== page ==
Building Your Milieu Before You Hit the Ground

Over the last twenty weeks, I’ve discussed ways to literally build your societies from the ground up. I’ve focused on the forces that push and pull on culture, and touched on the details I think bring a milieu to life. I’ve pondered on science, religion, philosophy, and the workings of the world only an author is ever likely to consider or investigate. And yet, there are countless words and thoughts left to be expressed on the topic of milieu.

At some point, however, you have to actually start writing the story at hand. So how do you know when you are done? Myself, I look at world building like jumping out of an airplane.

When you are starting your prewriting, you are standing in the plane at 30,000 feet, imagining all the possibilities of the jump. However, when that bay door opens and the moment to take your life into your own hands is upon you, you should have a good idea of what you are about to experience.

When gravity takes over, you’re on the clock. The first thing you need to do is survey your surroundings on the grand scale. Note the mountains and rivers, the major cities and those wild places untouched for a lifetime. There are no trees, only the forest, no buildings, only the city. As you get closer and closer to the ground, use these broad strokes to orient yourself on where you intend to land: the first page of your story.

Once you have ground zero picked out, it’s time to start making your way to your approach path. Remember your goal and be sure to always work towards it. It does you no good to explore far and wide if you don’t manage to land where you intended.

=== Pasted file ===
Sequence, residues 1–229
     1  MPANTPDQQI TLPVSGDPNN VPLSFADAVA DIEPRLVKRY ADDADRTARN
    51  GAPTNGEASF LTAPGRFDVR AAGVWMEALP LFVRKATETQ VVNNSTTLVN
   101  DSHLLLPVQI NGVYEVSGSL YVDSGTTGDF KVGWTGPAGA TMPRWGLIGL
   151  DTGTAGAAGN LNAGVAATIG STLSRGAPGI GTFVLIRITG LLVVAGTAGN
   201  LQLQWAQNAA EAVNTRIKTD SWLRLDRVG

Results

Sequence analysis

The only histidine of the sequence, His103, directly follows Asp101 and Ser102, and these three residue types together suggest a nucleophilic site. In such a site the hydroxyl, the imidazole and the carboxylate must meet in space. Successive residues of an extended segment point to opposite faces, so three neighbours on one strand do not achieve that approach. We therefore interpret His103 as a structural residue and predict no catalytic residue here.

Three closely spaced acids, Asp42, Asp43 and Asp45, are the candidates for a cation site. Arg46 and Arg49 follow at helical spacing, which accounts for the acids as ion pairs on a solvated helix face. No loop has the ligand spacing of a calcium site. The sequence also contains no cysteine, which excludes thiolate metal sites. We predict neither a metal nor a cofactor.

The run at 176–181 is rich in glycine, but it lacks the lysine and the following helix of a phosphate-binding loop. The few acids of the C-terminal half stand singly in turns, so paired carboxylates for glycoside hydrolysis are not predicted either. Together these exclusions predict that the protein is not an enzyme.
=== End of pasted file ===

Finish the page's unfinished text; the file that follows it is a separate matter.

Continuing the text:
As the fall progresses, you’ll begin to observe details of the terrain, see the individual buildings in the city, and the animals that inhabit the trees of your forests. Eventually, the everyday lives of those who live in your milieu will become clear and show you the shape of your cultures. However, without the broad perspective those details will have no context.

If you managed to aim well and start your jump close by, take the luxury of a few flourishes and fun. Create poetry, song, and folklore. Write languages no one ever did or ever will speak. Create histories so detailed that they breathe life into your setting. However, never forget the simple truth that nothing can stop your inevitable meeting with the ground.

Some writers lavish extensive, even obsessive, attention on their world building before starting a project. While this often results in worlds of stunning realism, depth and scope, it isn’t necessary. If you enjoy the world building aspect more than the actual writing of the novel, I’d encourage you to go for it. Take your time and enjoy yourself. But remember one caveat: novels sell, not story bibles.


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